In the actuator example cited above, the security solution would likely be provided as specialized hardware that would have to be tested, delivered, installed, monitored, and protected in the optimal physical configuration and locations that could include multiple data centers. This is an expensive endeavor for ICS companies, especially since a typical environment in the energy sector will have hundreds, thousands or even millions of specific endpoints to be connected and protected.

One architectural trend that does provide some relief is the migration of certain ICS control functions onto mobile networks. Often initiated as replacements or backups for existing legacy approaches, wireless protocols such as Wi-Fi or ZigBee reduce the on-premise complexity of local area network switching and routing by offering simpler airborne connections. As radio access network technology and deployments increase in range and power, direct connections to mobile service provider infrastructure further reduce complexity and cost.

In spite of the transition to mobility, ICS security remains complicated by the challenges of dealing with proprietary hardware. To help address this problem, scientists at AT&T Labs and the AT&T Chief Security Office have begun taking advantage of the industry shift to software defined networking (SDN). An SDN removes a great deal of distributed control from network elements, and centralizes this control in a software-based cloud with application programming interfaces (APIs) for third-party extensions. It is precisely these third-party extensions that provide a means for ICS security functions to be more easily embedded via APIs into the control stream.

Furthermore, SDN will provide energy companies with the ability to dynamically embed their own customized virtual protections into their networks using software provisioning. While this process requires that security technology companies virtualize their products, the industry shift from hardware to software is already well underway and includes companies that offer ICS security functions. The shift is driven by the efficiency, cost and extensibility advantages of software virtualization.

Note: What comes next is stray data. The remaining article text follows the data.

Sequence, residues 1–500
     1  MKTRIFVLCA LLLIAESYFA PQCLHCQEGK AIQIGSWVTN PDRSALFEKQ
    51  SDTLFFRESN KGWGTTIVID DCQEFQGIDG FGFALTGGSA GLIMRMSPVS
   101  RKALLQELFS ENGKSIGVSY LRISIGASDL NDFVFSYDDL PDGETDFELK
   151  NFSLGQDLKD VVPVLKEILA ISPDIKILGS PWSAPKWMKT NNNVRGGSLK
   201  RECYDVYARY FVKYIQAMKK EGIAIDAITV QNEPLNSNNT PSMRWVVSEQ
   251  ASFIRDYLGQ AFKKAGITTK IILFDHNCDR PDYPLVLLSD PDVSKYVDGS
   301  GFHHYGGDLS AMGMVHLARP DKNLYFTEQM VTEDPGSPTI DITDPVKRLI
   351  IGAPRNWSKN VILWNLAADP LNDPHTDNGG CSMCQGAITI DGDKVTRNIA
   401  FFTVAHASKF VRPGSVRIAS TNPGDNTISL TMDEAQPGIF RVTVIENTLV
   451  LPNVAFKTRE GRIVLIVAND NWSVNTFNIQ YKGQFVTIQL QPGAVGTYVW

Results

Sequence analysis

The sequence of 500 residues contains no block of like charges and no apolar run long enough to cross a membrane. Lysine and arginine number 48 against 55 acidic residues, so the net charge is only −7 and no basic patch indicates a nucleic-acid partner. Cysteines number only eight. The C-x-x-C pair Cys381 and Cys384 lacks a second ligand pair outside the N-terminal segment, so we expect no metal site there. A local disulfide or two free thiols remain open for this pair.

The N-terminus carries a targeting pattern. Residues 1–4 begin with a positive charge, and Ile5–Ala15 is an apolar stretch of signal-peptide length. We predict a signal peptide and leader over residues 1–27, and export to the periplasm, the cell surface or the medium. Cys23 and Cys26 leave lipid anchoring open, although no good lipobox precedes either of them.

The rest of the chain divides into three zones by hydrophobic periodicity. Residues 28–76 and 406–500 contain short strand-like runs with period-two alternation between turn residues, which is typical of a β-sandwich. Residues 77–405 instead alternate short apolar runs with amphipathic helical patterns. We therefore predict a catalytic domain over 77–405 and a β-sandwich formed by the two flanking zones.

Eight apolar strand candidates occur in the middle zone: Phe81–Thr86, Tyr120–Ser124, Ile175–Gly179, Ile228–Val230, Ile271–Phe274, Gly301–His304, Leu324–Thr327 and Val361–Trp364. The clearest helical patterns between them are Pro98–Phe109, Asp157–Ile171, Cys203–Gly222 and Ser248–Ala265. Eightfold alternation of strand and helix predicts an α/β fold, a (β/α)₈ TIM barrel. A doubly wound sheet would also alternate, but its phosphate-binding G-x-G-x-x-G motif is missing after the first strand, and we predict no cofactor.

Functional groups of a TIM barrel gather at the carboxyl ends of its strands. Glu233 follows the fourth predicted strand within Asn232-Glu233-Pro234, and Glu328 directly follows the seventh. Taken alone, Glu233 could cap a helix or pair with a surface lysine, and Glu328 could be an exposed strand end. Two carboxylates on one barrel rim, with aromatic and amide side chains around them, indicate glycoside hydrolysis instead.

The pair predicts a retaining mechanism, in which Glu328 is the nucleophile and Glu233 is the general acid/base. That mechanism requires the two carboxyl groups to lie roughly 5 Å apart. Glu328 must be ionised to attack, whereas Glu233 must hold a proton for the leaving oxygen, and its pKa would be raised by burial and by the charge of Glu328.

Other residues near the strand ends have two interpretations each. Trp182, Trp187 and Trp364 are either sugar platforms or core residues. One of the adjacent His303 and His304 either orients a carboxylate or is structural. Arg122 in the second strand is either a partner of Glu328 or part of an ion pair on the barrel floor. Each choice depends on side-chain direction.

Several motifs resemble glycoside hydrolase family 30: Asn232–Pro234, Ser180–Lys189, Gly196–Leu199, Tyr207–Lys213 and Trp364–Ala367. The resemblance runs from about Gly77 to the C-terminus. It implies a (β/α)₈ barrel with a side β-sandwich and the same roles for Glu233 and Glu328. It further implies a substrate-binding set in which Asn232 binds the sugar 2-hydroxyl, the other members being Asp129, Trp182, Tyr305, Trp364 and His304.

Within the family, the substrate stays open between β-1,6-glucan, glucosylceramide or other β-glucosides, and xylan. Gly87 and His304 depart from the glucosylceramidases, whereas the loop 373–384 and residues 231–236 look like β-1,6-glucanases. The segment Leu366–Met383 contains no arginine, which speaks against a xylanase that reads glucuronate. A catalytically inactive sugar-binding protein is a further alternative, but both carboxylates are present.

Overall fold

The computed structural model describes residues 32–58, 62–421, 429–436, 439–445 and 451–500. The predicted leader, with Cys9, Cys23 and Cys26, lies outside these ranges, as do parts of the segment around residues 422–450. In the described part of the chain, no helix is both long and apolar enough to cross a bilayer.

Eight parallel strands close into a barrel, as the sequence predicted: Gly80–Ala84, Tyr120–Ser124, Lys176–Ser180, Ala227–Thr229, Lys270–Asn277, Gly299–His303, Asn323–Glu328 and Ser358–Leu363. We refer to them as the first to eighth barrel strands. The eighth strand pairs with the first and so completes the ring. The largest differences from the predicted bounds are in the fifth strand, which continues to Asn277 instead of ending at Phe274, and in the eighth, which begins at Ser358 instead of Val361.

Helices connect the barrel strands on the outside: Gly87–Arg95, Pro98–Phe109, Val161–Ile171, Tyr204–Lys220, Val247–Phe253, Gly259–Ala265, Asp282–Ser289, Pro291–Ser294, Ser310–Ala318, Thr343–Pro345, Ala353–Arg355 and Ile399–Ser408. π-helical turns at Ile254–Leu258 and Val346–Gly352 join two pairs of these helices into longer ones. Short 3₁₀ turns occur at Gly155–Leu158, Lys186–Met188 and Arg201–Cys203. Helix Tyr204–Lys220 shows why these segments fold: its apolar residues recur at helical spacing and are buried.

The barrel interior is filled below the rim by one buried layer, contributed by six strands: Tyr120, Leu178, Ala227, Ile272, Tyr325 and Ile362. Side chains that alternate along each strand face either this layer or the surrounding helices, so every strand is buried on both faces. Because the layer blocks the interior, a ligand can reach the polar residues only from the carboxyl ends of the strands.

Once sufficient progress has been achieved in the virtualization of security products, energy companies should have the ability to provision security on-demand and in real-time into their SDN-powered ICS infrastructure, without the need for expensive and lengthy hardware integration. If under live cyber attack, for example, energy sector security teams will have the ability using SDN to click a link on a provisioning screen to immediately increase the mitigation protection for any ICS component being targeted. Eventually this will lead to the development of learning algorithms that can guide such defensive action through automated provisioning without any human intervention.

While this progression to SDN and virtualization continues to unfold, telecommunications companies can provide the energy sector with interim assistance through expert security consulting, network architecture assessment and cryptographic analysis. Such cross-sector information sharing will strengthen awareness on the part of service providers and their customers. Finally, the near-term prospect of an SDN-powered telecommunications infrastructure is an exciting one and should bring needed cyber security relief to an energy industry under serious attack.

Michael Singer is assistant vice president of mobile, cloud and identity security for AT&T. He joined AT&T’s growth platform team in 2013.

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The Clarion Energy Content Team is made up of editors from various publications, including POWERGRID International, Power Engineering, Renewable Energy World, Hydro Review, Smart Energy International, and Power Engineering International. Contact the content lead for this publication at